Abby the librarian is another wonderful (and very pink) blog that I found online.   She gives tidbits about her life as a librarian, provides highlights of conferences she attends and I really dig how she does book talks and she also includes some read alikes, something I will try doing myself on this blog in the future.

STEM and STEAM are all the rage now and this librarianÅ› blog is devoted to exploring all things science. This is a good site to get programming ideas, see what's going on in the STEM world or get ideas for things you can do at home with your own children. I confess that I have done all three with this site. Ms Koester also provides many other resources for more information about STEM, books to use etc. Excellent resource.

I can't ever remember talking to librarians when I was in library school (apart from my darling wife) and I wish that I had done so some more. The name of this blog drew me in and whilst on the site I was amazed by the many and varied posts she has about a variety of topics. Of particular interest to me was a post directed at prospective children's librarians,  a post about mentoring and one about burn out . It is good to see people reflect on things and it is also great to see that there are other people with the same issues, questions and thoughts about the profession as yourself.

The library where I work is in a residential neighborhood and there are at least ten schools (and more under construction) within a five mile radius. I interact with a lot of teachers and students and I think it is good to see what school librarians are up to. I found this blog and as you would expect it has a large amount of book reviews that are listed by reading level and interest. I like that there are lots of HILO books (high interest low reading level) and many diverse books as well. I firmly believe that people across the spectrum need to see themselves represented in literature.The author also includes some tips on how not to plagiarize material as well as a link to the school's catalog and links to databases.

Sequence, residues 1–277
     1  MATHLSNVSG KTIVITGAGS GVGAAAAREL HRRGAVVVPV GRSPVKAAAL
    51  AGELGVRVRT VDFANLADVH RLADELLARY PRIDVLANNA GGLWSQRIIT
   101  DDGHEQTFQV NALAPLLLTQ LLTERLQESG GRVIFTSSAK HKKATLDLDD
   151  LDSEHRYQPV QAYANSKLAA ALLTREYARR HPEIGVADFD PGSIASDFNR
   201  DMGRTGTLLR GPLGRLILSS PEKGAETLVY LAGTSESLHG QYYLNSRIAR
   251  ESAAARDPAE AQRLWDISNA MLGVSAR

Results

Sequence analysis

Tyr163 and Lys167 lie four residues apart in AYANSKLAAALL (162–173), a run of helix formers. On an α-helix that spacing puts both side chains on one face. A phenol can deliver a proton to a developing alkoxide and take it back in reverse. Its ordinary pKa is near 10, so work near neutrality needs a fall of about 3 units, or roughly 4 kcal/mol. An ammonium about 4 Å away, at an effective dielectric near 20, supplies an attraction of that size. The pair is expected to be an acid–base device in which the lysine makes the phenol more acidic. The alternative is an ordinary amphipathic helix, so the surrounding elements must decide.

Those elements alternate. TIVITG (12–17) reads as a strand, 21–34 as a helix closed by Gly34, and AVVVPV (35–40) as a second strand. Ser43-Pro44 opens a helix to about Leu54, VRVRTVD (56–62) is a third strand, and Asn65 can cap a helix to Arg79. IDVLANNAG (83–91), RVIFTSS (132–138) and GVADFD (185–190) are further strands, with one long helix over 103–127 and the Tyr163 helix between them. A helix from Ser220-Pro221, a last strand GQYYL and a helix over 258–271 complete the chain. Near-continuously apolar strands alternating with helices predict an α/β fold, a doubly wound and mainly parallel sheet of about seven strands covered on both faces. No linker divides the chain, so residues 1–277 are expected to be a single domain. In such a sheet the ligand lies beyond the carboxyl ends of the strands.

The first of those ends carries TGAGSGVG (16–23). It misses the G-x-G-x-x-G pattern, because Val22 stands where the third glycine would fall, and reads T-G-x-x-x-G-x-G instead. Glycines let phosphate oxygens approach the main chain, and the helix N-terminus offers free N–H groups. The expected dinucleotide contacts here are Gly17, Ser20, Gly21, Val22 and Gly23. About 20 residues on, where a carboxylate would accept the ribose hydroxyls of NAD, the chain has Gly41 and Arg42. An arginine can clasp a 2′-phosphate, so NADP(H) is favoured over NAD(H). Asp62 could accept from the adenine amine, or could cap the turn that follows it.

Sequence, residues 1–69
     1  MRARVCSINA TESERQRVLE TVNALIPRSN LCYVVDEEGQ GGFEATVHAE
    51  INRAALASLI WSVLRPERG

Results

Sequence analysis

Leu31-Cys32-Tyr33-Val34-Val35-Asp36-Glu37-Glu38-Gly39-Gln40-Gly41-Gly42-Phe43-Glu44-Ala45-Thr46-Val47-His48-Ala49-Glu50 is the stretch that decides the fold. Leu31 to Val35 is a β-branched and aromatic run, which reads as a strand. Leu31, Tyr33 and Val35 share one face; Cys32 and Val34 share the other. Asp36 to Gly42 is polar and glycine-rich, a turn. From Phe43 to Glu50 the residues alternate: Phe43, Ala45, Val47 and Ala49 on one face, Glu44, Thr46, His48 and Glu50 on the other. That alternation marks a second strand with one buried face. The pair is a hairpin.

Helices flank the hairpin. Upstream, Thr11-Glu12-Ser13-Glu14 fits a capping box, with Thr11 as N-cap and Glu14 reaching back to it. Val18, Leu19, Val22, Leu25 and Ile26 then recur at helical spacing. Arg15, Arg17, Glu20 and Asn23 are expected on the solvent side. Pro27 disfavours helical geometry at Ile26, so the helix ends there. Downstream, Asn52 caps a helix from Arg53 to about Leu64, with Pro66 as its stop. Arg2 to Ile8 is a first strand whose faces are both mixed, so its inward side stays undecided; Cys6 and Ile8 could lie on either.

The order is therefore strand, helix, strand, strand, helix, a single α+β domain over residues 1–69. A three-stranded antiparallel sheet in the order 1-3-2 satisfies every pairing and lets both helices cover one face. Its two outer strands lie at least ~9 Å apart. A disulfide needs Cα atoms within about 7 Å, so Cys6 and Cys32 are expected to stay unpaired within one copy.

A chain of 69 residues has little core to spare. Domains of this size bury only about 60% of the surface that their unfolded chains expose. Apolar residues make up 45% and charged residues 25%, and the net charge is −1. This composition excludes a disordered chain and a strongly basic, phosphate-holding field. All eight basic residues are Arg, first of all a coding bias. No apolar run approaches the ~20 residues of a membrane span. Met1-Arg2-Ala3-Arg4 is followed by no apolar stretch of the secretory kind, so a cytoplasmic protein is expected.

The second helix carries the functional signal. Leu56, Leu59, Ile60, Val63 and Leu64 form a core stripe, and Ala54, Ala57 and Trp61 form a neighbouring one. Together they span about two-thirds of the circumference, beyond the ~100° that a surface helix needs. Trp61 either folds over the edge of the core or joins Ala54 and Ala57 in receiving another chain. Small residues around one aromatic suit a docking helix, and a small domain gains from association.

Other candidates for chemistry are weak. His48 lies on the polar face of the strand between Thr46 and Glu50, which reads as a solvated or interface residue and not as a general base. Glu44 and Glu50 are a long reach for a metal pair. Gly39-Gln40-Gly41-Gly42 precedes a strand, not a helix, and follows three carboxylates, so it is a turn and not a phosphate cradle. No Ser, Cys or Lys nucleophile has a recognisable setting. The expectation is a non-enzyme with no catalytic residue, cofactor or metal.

Finally this isn't a blog at all but rather two magnificent librarians uploading dozens of songs-some with props and some without. The Jbrary ladies have saved me on on many occasions when I have to do read alouds at nearby schools and have run out of songs to sing. Check them out, it is well worth it!





Monday, September 7, 2015

National Hispanic Heritage Month crafts

National Hispanic Heritage Month runs from September 15th through October 15th and during this time we recognize the many and varied accomplishments Hispanics and Latinos have made to American culture, politics and life in general. If your city has school groups that do folkloric dance I bet those groups would be willing to perform at community events or at libraries and other community places. Such a program would be excellent and a craft would be the icing on the cake. If no such group is available then crafts are an excellent way to celebrate the month.

Some of these crafts I have done and some I am yet to try. This first craft is one of my all time favorites because it is easy and it allows for an explanation about the tradition of lucha libre in the Spanish-speaking world.

Mexican wrestlers


I like recycle crafts because I can teach the kids a simple lesson without being too preachy. This particular craft involves using old paper grocery bags to make sarapes.  Kids can be as creative as they want too and I usually have some made before hand as well as pictures of some so the kids can get an idea of what they're supposed to look like.




Another cool craft that is easy to make and that can be part of a craft/music program is a shaker or maraca. These can be used in a small ensemble and kids usually enjoy shaking the life out of them. Toilet paper rolls, empty tin cans, plastic cups and paper plates can all be used to make these.

Image result for make shaker crafts 


Learning a language is learning a culture and part of that is knowing what certain words are and their significance. A small picture dictionary is a fun way for kids to increase their vocabulary as well as solidify their letter knowledge. 



Ojo de dios are classic crafts and kids of all ages can complete them with a little help and a short demo.




Addtional resources:

Scholastic's Hispanic Heritage Month site has games, information about famous Latinos as well as a teacher's guide.

Time for kids is another excellent site with crafts, activities, printables and profiles of influential Hispanic Americans.

Here are some fantastic books to share with children about Hispanic Heritage month.

The National Education Association (NEA) has a trove of lessons, activities and other ways to celebrate the month.